Each patient was informed about the benefits and risks of employing the ureter scope, of possible alternative treatments, and of the potential need for a staged procedure to achieve satisfactory stone clearance. The patients were asked to sign an informed consent document prior to the surgery. The inclusion criteria for this study were: age 18–86 years; renal stones ≥0.5 cm in diameter. Pregnant patients were excluded. We reviewed the demographic data, renal stone characteristics and procedure-related outcomes and complications. Routine preoperative and 1-month postoperative workups included recording medical history, physical examination, urinalysis, urine culture, and blood tests. Abdominal kidney ultrasound plus kidney, ureter and bladder radiography (KUB) were performed. Intravenous urogram pyelography and non-contrast computed tomography (NCCT) was selectively performed preoperatively. The operative duration was calculated from the time of first insertion of the endoscope (cystoscope or ureter scope) to the completion of stent placement. Peri- and postoperative complications were reported according to the Clavien classification system. The stone successful rate (SSR) was defined as residual fragments up to a maximum of 4 mm in diameter detected on ultrasonography or NCCT at the 1-month follow-up. The stone diameter was defined as the maximum diameter of the biggest stone plus one quarter of the diameter of the second largest stone; the others were neglected in cases of multiple renal stones. The primary end point was the evaluation of the effectiveness of using the ureter scope for the treatment of renal stones, expressed as the SSR. The secondary end point was the assessment of the safety of the procedure, expressed as the complication rate.
During our study period, the ureter scope required repair on three separate occasions. The first occurred after 31 cases; the second after a further 84 cases; and the third after another 201 operations had been performed. Fourth and fifth repairs were required after other 126 and 28 cases, and we were able to use the scope for another 76 cases following the last repair. Total 5 repaired in 470 cases and in the first two repairs, the distal working channel required fixing. The third repair required fixing of the outer rubber. The fourth and fifth repairs were needed owing to vertebrae punctures due to laser fiber snapping. However, the deflection system remained almost intact (the maximum ventral and dorsal deflection has deteriorated at 180–160 and 275– 250, respectively), even after high-frequency use. The fragility and cost of FURS prevents widespread use in urologic practice. Afane reported that FURS made by four manufacturers required main repairs after only 15 procedures or 13 h of usage. Shah reported that the average durability of the Olympus URF-V was 14 operations. When handled by expert practitioners, the life of a ureter scope may be extended to 12.5 operations before requiring repair. The three most commonly reported kinds of damage include loss of active tip deflection secondary to extreme ureter scope deflection with or without an instrument, inadvertent firing of the laser in the working channel, and working channel damage resulting from instrument passage.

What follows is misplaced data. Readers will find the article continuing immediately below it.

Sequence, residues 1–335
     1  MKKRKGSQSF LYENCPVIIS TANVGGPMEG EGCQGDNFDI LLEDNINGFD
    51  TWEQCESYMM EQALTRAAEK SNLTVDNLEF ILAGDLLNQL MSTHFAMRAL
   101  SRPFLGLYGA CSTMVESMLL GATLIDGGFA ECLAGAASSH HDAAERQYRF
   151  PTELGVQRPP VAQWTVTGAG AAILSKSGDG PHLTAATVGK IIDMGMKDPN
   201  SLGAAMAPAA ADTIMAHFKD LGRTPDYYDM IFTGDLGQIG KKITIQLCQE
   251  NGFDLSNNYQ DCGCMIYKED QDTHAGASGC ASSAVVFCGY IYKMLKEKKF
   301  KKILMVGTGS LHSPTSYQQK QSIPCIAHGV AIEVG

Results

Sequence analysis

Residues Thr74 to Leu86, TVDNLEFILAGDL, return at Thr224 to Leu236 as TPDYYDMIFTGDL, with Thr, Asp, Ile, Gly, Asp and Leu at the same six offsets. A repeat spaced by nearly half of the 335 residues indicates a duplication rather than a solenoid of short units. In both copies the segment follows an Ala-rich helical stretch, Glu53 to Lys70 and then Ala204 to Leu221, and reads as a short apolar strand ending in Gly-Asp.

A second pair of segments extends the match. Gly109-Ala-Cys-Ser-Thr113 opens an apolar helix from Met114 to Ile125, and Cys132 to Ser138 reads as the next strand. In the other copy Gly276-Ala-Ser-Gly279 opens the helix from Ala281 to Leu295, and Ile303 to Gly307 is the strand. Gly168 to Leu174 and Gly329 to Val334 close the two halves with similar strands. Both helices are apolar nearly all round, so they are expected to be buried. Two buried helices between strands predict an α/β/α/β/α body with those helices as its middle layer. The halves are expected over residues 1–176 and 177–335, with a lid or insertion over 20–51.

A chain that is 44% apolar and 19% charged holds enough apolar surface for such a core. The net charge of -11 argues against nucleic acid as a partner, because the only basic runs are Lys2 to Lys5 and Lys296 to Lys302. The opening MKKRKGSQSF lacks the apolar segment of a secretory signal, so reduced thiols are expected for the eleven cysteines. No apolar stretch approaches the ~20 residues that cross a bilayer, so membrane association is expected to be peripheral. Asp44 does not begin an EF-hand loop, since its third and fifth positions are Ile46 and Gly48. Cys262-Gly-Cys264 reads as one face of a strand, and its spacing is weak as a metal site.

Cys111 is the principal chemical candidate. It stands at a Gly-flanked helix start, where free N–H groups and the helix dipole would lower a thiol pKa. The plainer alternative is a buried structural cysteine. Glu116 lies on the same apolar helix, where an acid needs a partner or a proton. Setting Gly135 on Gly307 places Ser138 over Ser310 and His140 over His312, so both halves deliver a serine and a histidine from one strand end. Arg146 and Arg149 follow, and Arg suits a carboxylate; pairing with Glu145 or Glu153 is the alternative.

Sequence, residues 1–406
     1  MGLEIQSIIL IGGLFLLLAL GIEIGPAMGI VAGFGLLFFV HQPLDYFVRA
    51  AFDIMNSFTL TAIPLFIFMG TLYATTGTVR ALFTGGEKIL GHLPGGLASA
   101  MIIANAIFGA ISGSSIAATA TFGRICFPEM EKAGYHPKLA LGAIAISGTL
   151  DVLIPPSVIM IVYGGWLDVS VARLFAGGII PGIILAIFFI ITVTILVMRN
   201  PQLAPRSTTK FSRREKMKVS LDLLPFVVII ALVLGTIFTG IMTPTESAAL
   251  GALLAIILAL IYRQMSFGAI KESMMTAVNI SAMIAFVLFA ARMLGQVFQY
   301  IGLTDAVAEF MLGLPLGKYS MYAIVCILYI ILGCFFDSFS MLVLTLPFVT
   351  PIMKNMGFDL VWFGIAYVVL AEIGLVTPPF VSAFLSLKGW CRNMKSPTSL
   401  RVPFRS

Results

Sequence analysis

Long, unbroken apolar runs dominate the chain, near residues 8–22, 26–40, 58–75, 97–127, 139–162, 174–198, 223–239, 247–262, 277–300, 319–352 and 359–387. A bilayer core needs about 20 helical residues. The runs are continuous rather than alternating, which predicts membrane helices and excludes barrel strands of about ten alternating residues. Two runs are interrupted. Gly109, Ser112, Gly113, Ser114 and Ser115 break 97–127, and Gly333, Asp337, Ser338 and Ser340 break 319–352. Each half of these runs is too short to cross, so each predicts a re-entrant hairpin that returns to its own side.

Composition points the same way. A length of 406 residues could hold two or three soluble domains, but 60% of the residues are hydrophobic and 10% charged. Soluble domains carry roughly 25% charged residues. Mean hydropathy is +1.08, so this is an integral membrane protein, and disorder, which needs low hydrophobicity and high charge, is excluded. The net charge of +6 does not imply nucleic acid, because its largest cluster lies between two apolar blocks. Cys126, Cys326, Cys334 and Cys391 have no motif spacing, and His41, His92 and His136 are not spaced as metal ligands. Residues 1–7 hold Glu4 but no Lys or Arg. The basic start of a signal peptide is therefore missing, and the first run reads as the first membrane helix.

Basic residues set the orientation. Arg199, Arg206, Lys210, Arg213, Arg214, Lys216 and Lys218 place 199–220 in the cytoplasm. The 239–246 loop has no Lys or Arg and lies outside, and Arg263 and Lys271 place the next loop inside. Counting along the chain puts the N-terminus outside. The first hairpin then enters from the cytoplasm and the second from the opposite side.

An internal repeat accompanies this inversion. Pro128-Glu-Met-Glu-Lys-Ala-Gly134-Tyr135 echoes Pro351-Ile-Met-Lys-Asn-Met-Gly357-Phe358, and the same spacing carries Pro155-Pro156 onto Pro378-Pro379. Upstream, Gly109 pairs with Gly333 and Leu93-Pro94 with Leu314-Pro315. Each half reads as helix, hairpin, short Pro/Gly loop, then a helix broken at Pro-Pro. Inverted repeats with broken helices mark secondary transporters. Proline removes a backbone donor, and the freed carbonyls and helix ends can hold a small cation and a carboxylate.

By taking the aforementioned precautions regarding the working channel, the durability of FURS can be easily extended to 30 cases. Furthermore, to increase the life of FURS to more than 100 operations, deflection system maintenance is the most critical component. It is well-known that the most fragile part of the device is the deflection unit. The deflection mechanism of FURS permits free movement within the renal collecting duct system. This deflection is usually constructed by several wires running down the endoscope from end to end, connected to a manually-operated lever mechanism. The current instrument design trend is to have continuous controlled dual deflection with increased downward and upward deflection up to 275°, referred to as “exaggerated deflection”, in both directions. The purpose of this stressed design is to obtain lower pole access, where the urologist maximally deflects and advances the tip of the endoscope. Traxer performed 50 operations using a new-generation flexible ureter scope, and found that the need for repair occurred less often; after 76 h of use, the maximal ventral and dorsal deflections had deteriorated at 270−208° and 270−133°, respectively. Another study found that the frequency of repair increased with decreasing device diameter and rising ureter scope length, and major types of damage, such as working channel deterioration from laser burn or tool passage, are avoidable if physicians take adequate measures to protect their equipment.